Precious metals outperformed commodities
Market movements in February saw the gap between precious metals and other commodities increase, with the disparity in their performance dating back to late 2018, when a correction in equity markets reignited demand for precious metals.
Gold and silver both rallied in Q4 2018, a period in which the ASX 200 and other commodities sold off. This demonstrates that both gold and silver have monetary safe haven qualities, unlike most commodities, which historically sell off during periods of equity market weakness and/or heightened concerns regarding the health of the global economy.
In USD terms, from September 2018 to February 2020, gold and silver rose by 32.33% and 16.62% respectively, while copper and oil dropped by 7.05% and 36.11% respectively. The ASX 200 price index was up just 3.76% over this time period.
Outlook for gold and silver
The pullback in gold and silver on February 28 was in many ways a healthy development for the precious metal market. We have warned for some time that gold needed to consolidate recent gains, especially given the size of the price move that we have seen since September 2018.
No market goes up in a straight line, so it was only a matter of when, not if, a correction in precious metal prices occurred, especially as hedge funds and other short-term speculators had built up historically large long gold positions.
Whilst Friday’s pullback took some froth out of the market, caution is still warranted. If equity markets continue to sell off, then gold and silver may also decline, even if only on a short-term basis, much like they did for parts of 2008, before they embarked on a massive bull market run that culminated in 2011.
Short-term moves aside, developments in financial markets and in the economy throughout February don’t in any way alter the long-term bullish argument for precious metals, nor the strategic case for investing in them as part of a well-diversified portfolio.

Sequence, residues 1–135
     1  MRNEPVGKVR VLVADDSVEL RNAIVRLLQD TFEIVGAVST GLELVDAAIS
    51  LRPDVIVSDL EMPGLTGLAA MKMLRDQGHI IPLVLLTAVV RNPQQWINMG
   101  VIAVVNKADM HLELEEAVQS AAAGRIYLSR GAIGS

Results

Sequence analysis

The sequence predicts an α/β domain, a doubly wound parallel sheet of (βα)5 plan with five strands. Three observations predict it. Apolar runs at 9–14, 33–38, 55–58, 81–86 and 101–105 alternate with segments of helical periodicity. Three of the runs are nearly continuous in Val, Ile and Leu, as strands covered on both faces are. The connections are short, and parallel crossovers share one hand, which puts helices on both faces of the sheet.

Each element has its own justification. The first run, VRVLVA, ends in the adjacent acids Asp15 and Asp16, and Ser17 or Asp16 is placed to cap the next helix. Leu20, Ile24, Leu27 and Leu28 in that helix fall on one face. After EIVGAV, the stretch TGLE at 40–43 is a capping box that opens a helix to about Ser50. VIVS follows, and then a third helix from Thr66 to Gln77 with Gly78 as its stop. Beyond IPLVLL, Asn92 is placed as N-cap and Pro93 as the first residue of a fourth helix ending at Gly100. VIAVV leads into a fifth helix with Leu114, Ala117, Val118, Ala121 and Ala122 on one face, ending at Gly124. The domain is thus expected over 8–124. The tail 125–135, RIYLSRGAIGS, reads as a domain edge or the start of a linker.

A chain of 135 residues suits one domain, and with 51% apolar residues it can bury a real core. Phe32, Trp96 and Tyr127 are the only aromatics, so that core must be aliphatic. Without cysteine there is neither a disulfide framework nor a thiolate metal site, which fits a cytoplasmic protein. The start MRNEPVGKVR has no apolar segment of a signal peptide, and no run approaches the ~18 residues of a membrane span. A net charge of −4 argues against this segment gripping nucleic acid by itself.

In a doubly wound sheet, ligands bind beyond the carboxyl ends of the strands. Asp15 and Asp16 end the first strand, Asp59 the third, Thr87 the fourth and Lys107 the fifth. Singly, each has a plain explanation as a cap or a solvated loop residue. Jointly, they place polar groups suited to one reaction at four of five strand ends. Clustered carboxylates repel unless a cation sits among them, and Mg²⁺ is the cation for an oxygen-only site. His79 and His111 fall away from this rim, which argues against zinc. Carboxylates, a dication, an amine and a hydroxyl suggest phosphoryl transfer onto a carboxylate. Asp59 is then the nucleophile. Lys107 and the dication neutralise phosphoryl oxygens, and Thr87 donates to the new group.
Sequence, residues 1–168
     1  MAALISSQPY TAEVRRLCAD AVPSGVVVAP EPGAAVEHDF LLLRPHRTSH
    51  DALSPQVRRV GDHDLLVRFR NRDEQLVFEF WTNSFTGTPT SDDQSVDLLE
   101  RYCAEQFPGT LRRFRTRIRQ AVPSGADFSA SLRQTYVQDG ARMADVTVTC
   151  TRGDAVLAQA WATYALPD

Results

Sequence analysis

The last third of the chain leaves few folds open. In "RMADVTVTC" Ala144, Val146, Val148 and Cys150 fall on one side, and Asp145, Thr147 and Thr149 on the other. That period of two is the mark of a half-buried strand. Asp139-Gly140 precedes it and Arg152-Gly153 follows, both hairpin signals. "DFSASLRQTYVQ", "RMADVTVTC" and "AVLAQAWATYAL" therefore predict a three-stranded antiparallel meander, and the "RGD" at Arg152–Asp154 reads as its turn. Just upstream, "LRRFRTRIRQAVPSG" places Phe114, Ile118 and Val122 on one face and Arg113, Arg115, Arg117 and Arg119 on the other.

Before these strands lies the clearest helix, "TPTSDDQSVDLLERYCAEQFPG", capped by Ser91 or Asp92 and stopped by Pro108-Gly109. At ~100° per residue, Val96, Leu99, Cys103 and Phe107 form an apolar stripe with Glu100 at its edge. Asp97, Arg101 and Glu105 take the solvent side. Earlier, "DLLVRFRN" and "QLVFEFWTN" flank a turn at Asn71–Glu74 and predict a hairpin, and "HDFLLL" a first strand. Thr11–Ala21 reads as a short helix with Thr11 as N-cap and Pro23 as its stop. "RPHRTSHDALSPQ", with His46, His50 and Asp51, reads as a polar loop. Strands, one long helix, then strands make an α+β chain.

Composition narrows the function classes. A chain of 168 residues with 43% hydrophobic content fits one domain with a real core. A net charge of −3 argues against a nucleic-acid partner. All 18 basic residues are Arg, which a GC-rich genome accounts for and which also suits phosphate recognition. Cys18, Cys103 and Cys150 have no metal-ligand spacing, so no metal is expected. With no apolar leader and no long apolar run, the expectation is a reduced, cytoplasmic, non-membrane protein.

If anything, quite the opposite, for whilst the fallout from Coronavirus remains impossible to quantify, there is no doubt that it will have a negative impact on economic growth, and act as a headwind for equity markets, with Goldman Sachs now forecasting that there will be no earnings growth for S&P 500 companies as a whole.
Given the elevated price to sales and price to earnings ratios that investors are currently paying to own stocks, a period of subpar returns in share markets is impossible to ignore, even if they bounce back from the severe losses seen over the last week of February.
Added to this is the outlook for real yields in traditional defensive assets like cash and fixed income. At current inflation rates, many government bonds guarantee negative real returns to buy and hold investors, encouraging them to diversify into alternative assets, including precious metals.
Meanwhile, markets are now pricing aggressive monetary easing from central banks, with Goldman Sachs forecasting that the US Federal Reserve will cut interest rates by 1% this year, starting with a 0.5% cut this month. In Australia, the Reserve Bank of Australia (RBA) acted in early March, to reduce interest rates to a new all-time low of just 0.5%.
Given this backdrop, it is no surprise that many banks remain bullish on gold, with Invesco recently stating that they see gold hitting USD 1,800 per troy ounce, whilst precious metals focused asset manager Spott Inc CEO Peter Grosskopf, thinks the yellow metal is on track to hit USD 2,000 per troy ounce.
Past performance does not guarantee future results. The information in this article and the links provided are for general information only and should not be taken as constituting professional advice from The Perth Mint. The Perth Mint is not a financial adviser. You should consider seeking independent financial advice to check how the information in this article relates to your unique circumstances. All data, including prices, quotes, valuations and statistics included have been obtained from sources The Perth Mint deems to be reliable, but we do not guarantee their accuracy or completeness. The Perth Mint is not liable for any loss caused, whether due to negligence or otherwise, arising from the use of, or reliance on, the information provided directly or indirectly, by use of this article.